Getting It Right: It’s Not a Browning ‘Hi-Power’ or ‘High Power’
(Update 05 Jan. 2021: Browning’s website began using a hyphen consistently in “Hi-Power” some time after we published this article. The Internet Archive provides a snapshot of the webpage when we wrote it.)
TheGunBlog.ca — One of the world’s most-popular pistols is based on a design by John Browning of the U.S. and was completed by Dieudonné Saive at Fabrique Nationale in Belgium.
What is the name of that 9 mm handgun? Many of us get it wrong, and TheGunBlog.ca wants to help us get it right.
The title of the Wikipedia article on the pistol is “Browning Hi-Power,” with a hyphen. A Google search for that term returns almost a million results, “Browning Hi Power” (without a hyphen) yields half a million, and “Browning High Power” returns about 140,000 results. A search on Brownells.com, the U.S. retailer of guns and parts, shows 125 items for “Browning Hi Power” and 146 items for “Browning High Power.”
So which one is it?
Canadians have a particular interest — maybe even a duty — to get it right, since the 9 mm pistol has been our standard-issue military handgun for some 70 years and will remain so for at least another decade. Some models of the gun were built by John Inglis & Co. in Toronto during World War II.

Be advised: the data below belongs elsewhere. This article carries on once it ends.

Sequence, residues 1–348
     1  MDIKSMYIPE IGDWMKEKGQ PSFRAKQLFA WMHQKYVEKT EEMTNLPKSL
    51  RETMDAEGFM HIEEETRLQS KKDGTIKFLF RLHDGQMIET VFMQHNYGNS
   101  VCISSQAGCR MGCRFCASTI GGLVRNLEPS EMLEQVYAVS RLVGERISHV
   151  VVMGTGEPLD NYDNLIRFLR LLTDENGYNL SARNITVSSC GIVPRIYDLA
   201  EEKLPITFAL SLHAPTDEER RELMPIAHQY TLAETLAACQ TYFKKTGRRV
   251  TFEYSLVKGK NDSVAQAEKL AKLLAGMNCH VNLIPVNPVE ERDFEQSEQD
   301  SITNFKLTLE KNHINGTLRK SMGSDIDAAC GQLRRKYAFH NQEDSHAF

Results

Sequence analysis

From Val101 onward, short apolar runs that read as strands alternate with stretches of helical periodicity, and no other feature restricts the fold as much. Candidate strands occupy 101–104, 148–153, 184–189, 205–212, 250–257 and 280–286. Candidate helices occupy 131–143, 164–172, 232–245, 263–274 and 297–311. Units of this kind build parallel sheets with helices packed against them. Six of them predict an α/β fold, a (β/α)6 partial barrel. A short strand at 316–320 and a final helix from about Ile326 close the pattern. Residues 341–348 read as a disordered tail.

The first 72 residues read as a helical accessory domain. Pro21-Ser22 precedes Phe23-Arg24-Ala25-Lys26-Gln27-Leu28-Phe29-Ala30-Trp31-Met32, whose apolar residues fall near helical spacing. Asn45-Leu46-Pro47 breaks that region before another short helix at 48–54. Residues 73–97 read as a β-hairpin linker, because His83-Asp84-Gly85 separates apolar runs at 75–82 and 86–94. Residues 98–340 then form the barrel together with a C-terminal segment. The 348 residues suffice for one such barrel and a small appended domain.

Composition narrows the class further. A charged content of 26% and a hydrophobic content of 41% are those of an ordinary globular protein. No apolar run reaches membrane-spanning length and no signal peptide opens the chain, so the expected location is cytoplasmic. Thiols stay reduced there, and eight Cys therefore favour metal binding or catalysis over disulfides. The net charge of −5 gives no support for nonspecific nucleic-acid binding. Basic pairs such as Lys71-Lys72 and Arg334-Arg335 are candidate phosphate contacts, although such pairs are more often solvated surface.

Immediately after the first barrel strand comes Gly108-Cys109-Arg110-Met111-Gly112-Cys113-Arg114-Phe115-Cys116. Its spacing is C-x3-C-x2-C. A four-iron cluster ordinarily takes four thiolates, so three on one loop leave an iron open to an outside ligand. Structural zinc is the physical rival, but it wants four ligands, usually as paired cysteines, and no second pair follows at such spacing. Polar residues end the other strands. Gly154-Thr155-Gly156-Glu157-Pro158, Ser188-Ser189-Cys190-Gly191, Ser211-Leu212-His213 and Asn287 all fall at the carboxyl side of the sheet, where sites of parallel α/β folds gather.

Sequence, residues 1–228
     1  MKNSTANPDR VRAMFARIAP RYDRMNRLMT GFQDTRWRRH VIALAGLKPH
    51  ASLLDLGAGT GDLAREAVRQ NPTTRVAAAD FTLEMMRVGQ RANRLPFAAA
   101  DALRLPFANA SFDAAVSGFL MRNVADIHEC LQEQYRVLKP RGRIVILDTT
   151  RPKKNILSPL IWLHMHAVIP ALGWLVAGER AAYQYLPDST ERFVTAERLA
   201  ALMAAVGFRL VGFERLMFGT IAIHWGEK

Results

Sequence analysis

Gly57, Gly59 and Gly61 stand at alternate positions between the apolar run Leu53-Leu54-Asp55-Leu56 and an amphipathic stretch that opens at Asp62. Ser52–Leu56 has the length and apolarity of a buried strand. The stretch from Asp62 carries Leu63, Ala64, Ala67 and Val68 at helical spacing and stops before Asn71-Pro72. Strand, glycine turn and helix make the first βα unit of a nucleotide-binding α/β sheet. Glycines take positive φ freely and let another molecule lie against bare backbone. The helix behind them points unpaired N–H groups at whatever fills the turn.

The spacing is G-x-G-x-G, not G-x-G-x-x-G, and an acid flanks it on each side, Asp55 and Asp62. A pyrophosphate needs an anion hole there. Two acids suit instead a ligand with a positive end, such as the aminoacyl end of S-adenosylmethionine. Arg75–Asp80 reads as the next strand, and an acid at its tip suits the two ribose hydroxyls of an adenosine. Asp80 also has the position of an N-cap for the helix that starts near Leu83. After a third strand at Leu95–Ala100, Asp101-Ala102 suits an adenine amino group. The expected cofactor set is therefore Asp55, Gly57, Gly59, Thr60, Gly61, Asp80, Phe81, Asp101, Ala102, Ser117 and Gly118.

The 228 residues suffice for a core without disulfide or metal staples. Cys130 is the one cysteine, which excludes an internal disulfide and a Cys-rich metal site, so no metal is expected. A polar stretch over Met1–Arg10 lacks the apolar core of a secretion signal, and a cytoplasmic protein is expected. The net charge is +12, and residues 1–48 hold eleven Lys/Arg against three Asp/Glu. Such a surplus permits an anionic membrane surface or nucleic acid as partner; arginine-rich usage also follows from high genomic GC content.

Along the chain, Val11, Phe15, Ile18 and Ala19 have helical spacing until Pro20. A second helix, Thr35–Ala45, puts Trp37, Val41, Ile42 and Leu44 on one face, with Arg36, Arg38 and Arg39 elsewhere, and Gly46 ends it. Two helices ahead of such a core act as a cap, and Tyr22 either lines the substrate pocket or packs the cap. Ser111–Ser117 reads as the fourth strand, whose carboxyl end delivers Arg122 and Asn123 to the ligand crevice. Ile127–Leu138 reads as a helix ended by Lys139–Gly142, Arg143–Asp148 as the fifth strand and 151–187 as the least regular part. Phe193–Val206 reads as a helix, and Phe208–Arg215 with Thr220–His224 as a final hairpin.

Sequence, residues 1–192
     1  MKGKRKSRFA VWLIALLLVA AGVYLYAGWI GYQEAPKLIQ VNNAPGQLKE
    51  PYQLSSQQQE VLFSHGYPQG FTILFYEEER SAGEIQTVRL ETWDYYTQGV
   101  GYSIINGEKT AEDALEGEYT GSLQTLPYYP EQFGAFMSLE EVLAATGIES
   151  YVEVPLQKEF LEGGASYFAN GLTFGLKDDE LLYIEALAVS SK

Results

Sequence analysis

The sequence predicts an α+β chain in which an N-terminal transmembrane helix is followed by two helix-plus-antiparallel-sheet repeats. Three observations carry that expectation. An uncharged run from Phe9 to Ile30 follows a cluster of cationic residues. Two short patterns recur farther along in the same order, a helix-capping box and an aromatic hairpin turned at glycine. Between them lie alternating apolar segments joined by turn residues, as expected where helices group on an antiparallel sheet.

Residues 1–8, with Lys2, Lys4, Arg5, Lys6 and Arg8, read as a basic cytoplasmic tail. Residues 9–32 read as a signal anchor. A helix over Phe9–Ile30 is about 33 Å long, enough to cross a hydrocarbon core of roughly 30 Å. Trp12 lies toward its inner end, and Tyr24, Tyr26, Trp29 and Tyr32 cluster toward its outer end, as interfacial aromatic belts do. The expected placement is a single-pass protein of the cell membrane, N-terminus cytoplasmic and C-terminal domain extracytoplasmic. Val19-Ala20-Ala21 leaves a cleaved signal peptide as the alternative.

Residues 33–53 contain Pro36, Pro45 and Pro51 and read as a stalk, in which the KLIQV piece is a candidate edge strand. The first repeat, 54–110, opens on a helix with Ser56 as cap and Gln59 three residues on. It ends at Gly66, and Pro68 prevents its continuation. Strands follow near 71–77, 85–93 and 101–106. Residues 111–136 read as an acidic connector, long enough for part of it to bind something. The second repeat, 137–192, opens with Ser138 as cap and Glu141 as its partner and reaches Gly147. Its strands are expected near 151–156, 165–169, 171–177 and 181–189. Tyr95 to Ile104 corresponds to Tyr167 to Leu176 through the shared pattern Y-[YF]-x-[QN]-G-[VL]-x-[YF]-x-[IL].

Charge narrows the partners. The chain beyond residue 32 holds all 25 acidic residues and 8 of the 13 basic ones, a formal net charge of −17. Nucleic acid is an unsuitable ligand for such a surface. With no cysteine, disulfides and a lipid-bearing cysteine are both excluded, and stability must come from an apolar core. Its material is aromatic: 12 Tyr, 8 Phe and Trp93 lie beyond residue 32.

The Browning website calls it the “Hi Power,” without a hyphen. The Fabrique Nationale website calls it the “High Power.” (Update 08 April 2018: The webpage was removed.)
So there it is. It’s either a Browning Hi Power or an FN High Power.
Now we know.
- 2016 Dec. 01: Before we had to think about what to call the pistol in English, it already had a name in French. Wikipedia en français says the pistol, made by Fabrique Nationale starting in 1935, was named the “Browning GP 35.” “GP” stands for “Grande Puissance,” which means “High Power.” Some French speakers call it the “P-35.” Hyphens or not? Unknown.
- 2018 Feb. 28: Browning Says Hi Power Pistol ‘No Longer in Production’